IRS-2020-57 states that the Treasury, IRS and Department of Labor have announced a plan to implement Coronavirus-related paid leave for workers. The announcement also includes information regarding tax credits for small and midsize businesses to help recover the costs of the leave plan.
Payments for deceased parties are to be returned to IRS. Click on link below with reference to FAQ's #10 and #41 with details on what to do.
Treasury, IRS and Labor announce plan to implement Coronavirus-related paid leave for workers and tax credits for small and midsize businesses to swiftly recover the cost of providing Coronavirus-related leave.
As of Tuesday December 22, 2020, both the House and the Senate have passed legislation providing tax relief to both individuals and businesses. The bill is now awaiting the President’s signature for enactment. Following is a brief summary of the various tax provisions. Until signed by the President, it is not yet law. The bill also provides relief for community development, transportation, vaccine and community health support, schools, rental assistance, child care and other miscellaneous provisions. Join NSTP on Wednesday, January 6, 2021 during a special Town Hall Meeting at 4:30 pm EST to dive deeper into the tax provisions of the Act. Stimulus Payments - Up to $600 for individuals and $1,200 for a married couple filing jointly, plus $600 for each dependent under the age of 17. AGI phaseout starts at $75,000 for a single taxpayer and $150,000 for a married couple. Those taxpayers who have a Social Security number and file jointly with a person who uses an ITIN will be issued the stimulus payment, however, not the person with the ITIN.Payment Protection Program (PPP) Loans - for those who have not yet applied for forgiveness:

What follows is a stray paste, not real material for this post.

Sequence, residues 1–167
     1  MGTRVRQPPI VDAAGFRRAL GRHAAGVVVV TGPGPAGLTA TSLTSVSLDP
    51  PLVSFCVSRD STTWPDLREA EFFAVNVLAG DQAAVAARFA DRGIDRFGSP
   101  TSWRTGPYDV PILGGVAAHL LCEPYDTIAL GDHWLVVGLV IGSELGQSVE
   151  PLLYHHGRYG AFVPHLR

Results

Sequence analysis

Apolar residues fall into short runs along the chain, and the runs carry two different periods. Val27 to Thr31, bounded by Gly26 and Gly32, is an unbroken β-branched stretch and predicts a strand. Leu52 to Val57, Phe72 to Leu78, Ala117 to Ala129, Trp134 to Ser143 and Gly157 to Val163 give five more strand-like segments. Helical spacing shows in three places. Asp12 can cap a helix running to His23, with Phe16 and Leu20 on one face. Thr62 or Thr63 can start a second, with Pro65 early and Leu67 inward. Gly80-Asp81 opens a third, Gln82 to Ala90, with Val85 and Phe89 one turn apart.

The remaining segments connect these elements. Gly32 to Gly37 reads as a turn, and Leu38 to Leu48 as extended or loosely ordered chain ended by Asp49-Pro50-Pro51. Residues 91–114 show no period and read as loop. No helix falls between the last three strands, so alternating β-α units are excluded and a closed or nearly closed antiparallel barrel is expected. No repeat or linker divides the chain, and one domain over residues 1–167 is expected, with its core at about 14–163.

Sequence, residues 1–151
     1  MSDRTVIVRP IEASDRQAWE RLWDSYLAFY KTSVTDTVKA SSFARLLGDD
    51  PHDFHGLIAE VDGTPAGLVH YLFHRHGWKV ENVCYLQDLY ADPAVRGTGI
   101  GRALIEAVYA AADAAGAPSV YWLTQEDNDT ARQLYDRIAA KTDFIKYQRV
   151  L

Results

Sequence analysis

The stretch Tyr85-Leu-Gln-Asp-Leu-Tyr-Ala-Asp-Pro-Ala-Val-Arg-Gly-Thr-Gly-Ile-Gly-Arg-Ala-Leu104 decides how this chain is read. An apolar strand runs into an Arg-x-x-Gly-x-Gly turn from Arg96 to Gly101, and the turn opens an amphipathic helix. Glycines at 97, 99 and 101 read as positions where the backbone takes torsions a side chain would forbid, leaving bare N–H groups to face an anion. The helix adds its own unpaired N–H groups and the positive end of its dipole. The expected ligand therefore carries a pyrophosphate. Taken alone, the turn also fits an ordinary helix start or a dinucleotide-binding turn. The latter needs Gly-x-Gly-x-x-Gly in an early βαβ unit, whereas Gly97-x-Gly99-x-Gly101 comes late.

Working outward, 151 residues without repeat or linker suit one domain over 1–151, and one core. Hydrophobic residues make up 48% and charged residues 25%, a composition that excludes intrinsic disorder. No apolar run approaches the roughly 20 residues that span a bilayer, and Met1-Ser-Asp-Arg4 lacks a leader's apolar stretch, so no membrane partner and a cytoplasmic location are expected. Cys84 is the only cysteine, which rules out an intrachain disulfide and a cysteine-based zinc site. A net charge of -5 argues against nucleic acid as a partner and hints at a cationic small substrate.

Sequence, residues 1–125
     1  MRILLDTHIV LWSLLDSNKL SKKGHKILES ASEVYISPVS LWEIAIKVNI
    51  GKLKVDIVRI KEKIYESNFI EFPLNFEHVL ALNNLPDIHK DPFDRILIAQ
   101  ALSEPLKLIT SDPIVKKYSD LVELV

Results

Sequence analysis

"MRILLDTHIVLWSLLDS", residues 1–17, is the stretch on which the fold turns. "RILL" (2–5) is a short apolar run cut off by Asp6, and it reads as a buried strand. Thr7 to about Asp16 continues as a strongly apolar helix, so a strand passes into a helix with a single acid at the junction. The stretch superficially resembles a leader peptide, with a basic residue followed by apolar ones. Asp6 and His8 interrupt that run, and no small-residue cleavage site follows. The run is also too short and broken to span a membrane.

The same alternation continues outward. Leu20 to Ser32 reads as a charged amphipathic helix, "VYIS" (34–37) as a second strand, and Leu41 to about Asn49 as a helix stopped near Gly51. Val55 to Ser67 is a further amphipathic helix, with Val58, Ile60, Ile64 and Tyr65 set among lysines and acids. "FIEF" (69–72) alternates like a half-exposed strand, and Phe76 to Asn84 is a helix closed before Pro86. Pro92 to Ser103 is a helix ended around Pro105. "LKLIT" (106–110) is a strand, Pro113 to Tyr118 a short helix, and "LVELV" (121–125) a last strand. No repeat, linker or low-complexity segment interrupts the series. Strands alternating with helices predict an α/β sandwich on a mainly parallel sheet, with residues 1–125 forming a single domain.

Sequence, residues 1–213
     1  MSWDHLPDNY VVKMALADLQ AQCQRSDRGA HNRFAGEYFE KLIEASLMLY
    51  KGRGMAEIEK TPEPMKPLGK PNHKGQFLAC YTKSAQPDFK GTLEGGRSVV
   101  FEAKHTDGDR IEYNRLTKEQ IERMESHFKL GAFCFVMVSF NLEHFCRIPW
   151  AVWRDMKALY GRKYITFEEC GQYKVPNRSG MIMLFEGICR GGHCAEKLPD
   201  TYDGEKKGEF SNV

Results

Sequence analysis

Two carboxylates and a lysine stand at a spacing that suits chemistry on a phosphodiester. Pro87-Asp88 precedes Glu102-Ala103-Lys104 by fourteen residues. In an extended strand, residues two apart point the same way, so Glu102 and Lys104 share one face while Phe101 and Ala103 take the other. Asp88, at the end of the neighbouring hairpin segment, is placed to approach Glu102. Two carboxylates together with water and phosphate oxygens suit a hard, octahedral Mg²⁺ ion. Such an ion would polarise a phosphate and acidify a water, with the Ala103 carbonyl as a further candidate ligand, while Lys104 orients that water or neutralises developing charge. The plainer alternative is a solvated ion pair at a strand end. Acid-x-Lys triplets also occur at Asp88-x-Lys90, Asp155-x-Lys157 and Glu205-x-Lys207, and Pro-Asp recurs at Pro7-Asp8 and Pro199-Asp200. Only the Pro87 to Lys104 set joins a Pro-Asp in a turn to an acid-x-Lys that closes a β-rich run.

Second round of PPP Loans (§7(a)(37) of the Small Business Act) – expands the program and some business may be eligible for both PPP loans:
Forgiveness of the PPP Loans – deductions are now allowed for expenses paid with the proceeds of a forgiven PPP loan which is retroactive to the date of enactment of the CARES Act. Employee Payroll Tax Deferral – the repayment period for those employees who deferred the payment of the 6.2% Social Security tax has been extended to December 31, 2021 (from the original due date of April 30, 2021).Families First Coronavirus Response Act (FFCRA) – the provisions of the FFCRA, due to expire on December 31, 2020, have been extended through March 31, 2021 for both the paid sick leave and paid family leave provisions of the Act. Unemployment Insurance Benefits – an additional $300 per week for all workers receiving unemployment benefits has been included through March 14, 2021 and includes self-employed persons. Employee Retention Credit – the following changes have been added:
Business Meals Deduction – Section 274(n)(2) has been modified to allow for a 100% deduction of business meals purchased in both 2021 and 2022.Charitable Donations – extends several provisions of the CARES Act:
Lookback provisions for EITC and CTC - allows those eligible for the refundable credits to use their earned income from 2019 for those whose income dropped in 2020. This would allow for a larger refund that is consistent with their earnings from prior tax filings. Extenders –